Thanksgiving can reconnect families and revive traditions — like sweet potato rolls

Sweet potato rolls.Photos: April McGregerI remember the look on my grandfather’s face when I tried to politely explain that I couldn’t eat the giblet gravy or the dressing (known in other parts of the country as “stuffing”) that I had always relished. The reason, I informed him, was that I was a vegetarian; those old favorites contained turkey broth. He replied with a blank stare. It was a completely isolating experience. In a family where preparing and sharing food is our strongest form of emotional currency, my rejection of my family’s food was a rejection of their affection and a …

USDA close to approving relatively weak organic standards for fish

The U.S. Department of Agriculture this week inched closer to approving organic rules for fish for the first time that would let “organic” fish eat up to 25 percent of their diet from non-organic sources, a move which has irked organic advocates worried about sullying otherwise relatively strict standards for organic meat products.

USDA has crazy idea that organic cows should get time in pasture

Only cows that have gobbled grass in pasture for at least 120 days per year can produce milk labeled “organic,” according to draft rules issued by the U.S. Department of Agriculture. Activists have long criticized a loophole that allowed organic-milk producers to keep their cows in giant feedlots, as long as they were fed organic grain.

Obama and the USDA

Monsanto’s man in the Clinton admin joins the transition team, and more

Update [2008-11-20 5:47:7 by Tom Philpott]: Correction: Jill Richardson of La Vida Locavore pointed me to an error in the original post. About former Monsanto vice-president and FDA official Michael R. Taylor, I had written that “He was particularly useful in the effort to prevent abstaining dairies from advertising their milk as rBGH-free.” Not so, Jill informs me. Taylor actually supported allowing dairies to label their milk rBGH-free, so long as they made no health claims. The error has been removed from the below text. I regret the error. Whither Obama’s food/ag policy? I don’t think I’m a jaded enough …

Industrial ag-onistes

Two studies point to ecosystem damage from factory-style farming

How does chemical-intensive, concentrated agriculture affect surrounding ecosystems — and ones that lie downstream from large operations? Seems like a key question, given that upwards of 95 percent of our food comes from such agricultural methods. Yet there has been surprisingly little study of it. For example, when the meat industry started to rapidly consolidate production into large concentrated-animal feedlot operations (CAFOs) in the 1970s, government regulatory agencies made little effort to find out how it would affect surrounding communities. So we essentially got an uncontrolled experiment –with residents of places like North Carolina’s Duplin County and Iowa’s Hardin County …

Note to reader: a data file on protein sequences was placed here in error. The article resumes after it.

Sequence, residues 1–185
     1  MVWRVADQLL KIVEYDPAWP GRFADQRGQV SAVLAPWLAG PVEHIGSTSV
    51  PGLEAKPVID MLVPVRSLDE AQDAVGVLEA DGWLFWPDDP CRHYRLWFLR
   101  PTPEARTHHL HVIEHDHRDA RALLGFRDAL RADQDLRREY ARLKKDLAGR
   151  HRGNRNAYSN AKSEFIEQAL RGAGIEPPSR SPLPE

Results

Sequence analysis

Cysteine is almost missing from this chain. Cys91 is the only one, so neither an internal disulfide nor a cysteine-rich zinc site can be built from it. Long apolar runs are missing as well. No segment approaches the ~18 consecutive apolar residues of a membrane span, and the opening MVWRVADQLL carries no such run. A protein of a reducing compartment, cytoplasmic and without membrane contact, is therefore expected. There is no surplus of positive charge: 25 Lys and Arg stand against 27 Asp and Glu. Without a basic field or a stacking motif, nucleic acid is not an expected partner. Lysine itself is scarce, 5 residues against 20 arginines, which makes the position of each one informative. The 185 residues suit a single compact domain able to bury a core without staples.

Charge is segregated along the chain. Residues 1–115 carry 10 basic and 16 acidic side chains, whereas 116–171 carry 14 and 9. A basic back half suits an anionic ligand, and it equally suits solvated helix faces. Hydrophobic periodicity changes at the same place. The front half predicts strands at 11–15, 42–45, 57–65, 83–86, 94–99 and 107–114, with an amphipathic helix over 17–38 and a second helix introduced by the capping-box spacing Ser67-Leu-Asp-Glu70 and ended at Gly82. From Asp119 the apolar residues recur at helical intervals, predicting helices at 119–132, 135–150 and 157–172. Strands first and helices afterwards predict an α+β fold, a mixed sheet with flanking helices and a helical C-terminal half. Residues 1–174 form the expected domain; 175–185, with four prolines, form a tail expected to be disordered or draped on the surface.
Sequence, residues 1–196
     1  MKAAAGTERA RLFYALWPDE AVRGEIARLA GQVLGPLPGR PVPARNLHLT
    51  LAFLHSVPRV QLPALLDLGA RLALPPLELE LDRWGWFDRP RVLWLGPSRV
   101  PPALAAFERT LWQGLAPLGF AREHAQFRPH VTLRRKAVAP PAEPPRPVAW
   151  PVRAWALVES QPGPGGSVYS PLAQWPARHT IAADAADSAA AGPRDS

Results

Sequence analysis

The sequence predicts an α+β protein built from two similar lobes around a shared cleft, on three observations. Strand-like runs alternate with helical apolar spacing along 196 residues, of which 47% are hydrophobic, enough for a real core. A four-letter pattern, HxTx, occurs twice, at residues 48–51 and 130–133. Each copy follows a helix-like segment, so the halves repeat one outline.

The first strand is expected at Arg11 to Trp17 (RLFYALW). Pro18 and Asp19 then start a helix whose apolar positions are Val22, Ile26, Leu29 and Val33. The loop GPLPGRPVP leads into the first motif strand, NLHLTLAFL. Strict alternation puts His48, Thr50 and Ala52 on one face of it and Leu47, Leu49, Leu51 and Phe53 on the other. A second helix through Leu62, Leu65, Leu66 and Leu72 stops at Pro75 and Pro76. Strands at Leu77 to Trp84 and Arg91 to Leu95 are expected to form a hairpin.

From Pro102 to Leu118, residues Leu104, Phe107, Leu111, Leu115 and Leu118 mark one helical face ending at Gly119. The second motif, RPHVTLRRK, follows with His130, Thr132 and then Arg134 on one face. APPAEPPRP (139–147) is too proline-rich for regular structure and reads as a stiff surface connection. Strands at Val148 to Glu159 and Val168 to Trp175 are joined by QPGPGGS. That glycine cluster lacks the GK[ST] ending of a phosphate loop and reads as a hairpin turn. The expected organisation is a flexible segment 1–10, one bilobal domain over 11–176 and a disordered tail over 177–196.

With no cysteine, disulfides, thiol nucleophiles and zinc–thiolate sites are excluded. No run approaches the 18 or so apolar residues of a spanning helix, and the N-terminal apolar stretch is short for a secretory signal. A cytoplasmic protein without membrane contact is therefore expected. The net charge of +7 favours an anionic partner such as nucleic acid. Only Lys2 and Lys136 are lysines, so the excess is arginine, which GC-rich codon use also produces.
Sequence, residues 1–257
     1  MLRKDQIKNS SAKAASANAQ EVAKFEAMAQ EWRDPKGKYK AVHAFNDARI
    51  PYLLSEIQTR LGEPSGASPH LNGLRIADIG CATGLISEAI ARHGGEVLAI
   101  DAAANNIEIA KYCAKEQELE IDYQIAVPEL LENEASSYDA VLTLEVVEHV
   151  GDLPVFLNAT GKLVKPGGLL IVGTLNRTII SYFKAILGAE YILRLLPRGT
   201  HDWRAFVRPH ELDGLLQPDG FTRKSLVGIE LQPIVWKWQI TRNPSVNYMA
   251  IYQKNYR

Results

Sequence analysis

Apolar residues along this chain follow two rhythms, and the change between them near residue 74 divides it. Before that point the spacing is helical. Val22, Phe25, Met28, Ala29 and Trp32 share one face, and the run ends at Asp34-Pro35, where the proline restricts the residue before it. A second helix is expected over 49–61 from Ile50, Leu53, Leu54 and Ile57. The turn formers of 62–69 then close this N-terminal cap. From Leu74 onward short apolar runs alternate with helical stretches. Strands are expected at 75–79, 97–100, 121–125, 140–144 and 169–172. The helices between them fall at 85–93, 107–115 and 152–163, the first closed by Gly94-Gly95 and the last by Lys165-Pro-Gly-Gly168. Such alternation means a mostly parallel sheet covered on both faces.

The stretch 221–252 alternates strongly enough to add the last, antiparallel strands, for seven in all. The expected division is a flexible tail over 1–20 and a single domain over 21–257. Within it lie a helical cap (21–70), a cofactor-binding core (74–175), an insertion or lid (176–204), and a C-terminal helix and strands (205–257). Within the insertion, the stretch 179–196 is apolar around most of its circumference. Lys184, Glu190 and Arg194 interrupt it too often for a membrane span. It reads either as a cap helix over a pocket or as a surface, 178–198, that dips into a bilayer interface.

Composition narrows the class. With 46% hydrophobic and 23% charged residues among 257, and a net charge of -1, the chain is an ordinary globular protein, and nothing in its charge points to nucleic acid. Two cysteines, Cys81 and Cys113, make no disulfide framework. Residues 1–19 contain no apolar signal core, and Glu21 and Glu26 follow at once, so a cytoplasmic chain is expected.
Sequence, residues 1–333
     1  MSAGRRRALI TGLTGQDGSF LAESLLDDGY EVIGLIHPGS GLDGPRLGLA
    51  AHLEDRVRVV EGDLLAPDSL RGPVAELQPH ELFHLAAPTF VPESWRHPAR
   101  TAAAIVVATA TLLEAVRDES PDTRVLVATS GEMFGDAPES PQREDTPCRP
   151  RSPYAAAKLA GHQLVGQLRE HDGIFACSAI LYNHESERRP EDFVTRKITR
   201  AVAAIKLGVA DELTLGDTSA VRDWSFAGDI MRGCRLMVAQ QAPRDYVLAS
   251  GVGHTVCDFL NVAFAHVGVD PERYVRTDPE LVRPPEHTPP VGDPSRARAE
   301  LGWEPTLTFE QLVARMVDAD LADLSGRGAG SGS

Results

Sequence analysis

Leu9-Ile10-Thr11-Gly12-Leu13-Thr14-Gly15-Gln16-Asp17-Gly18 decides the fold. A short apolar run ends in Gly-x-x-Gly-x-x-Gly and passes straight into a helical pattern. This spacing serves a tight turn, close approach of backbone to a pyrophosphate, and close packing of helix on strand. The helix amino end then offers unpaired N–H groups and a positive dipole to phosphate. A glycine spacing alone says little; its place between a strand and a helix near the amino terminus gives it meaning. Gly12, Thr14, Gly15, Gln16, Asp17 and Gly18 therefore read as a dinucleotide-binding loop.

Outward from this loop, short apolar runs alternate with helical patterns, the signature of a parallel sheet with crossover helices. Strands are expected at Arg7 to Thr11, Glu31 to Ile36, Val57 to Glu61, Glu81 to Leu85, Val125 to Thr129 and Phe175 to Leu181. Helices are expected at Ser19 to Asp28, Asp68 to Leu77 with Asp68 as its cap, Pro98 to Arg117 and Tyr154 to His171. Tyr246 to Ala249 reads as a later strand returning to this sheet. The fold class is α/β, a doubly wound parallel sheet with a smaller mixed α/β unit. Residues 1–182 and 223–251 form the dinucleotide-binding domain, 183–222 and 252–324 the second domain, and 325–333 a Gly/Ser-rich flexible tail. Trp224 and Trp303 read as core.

I can eat for miles and miles

Food miles are a distraction, climate-wise

One hesitates to agree with Ron Bailey given his doctrinaire libertarianism, but in a somewhat narrow sense I think he’s right about this: in terms of greenhouse-gas emissions, food localism is a red herring. That is to say: Eating local out of concern over carbon emissions is misguided. Food travel is not a big part of America’s collective emissions or most individuals’ emissions. And miles traveled is not always a reliable indicator of emissions — hothouse vegetables grown locally may be responsible for more emissions than traditionally grown veggies flown overseas. Building regional, human-scale food networks has considerable merit — …

Corn-fed nation

Confirming Pollan, PNAS study shows that fast-food chains mainly peddle corn

We literally are what we eat; our metabolic function converts the stuff we consume into our material bodies: flesh, bone, hair, etc. In a memorable passage in Micheal Pollan’s Omnivore’s Dilemma, a biologist analyzes a strand of his own hair; he finds it shot through with corn’s unique carbon signature. Materially speaking, eaters of the standard American diet are corn. Or, as the biologist tells Pollan, "When you look at the isotope ratios, [U.S. residents] are corn chips with legs." Perhaps inspired by Pollan, University of Hawaii researchers A. Hope Jahren and Rebecca Kraft have released a study [PDF] through …

Meat Wagon: Fowl play

Is Tyson trying to drive its biggest chicken competitor out of business?

In Meat Wagon, we round up the latest outrages from the meat and livestock industries. ——– Update [2008-11-18 12:4:19 by Tom Philpott]: The credit-rating agency Fitch has come out with a presentation claiming that a Pilgrim’s Pride bankruptcy is “pretty inevitable” and would benefit its rivals (including Tyson), Reuters reports. PP’s bonds are trading at a 10 cents on the dollar — meaning investors are assuming it will soon slide into bankruptcy. —— Something weird is happening in the meat industry, which is dominated [PDF] by a handful of large companies. The weirdness involves Tyson Foods, which is the largest …

To make the Thanksgiving centerpiece a sure triumph, go heritage — and reach for the deep-fryer

Fry ya later, alligator. In the 11 years between the Declaration of Independence and the ratification of the Constitution, arguments raged over the future of the nascent nation. One involved the naming of a National Bird. Writing to his daughter on the subject of his choice for the symbol in 1784, Benjamin Franklin wrote, “Eagles have been found in all Countries, but the Turkey is peculiar to ours.” I’ve often wondered what effect there would have been on our national character had Mr. Franklin prevailed. Nonetheless, thanks to America’s best holiday, the turkey has earned an honored place in our …

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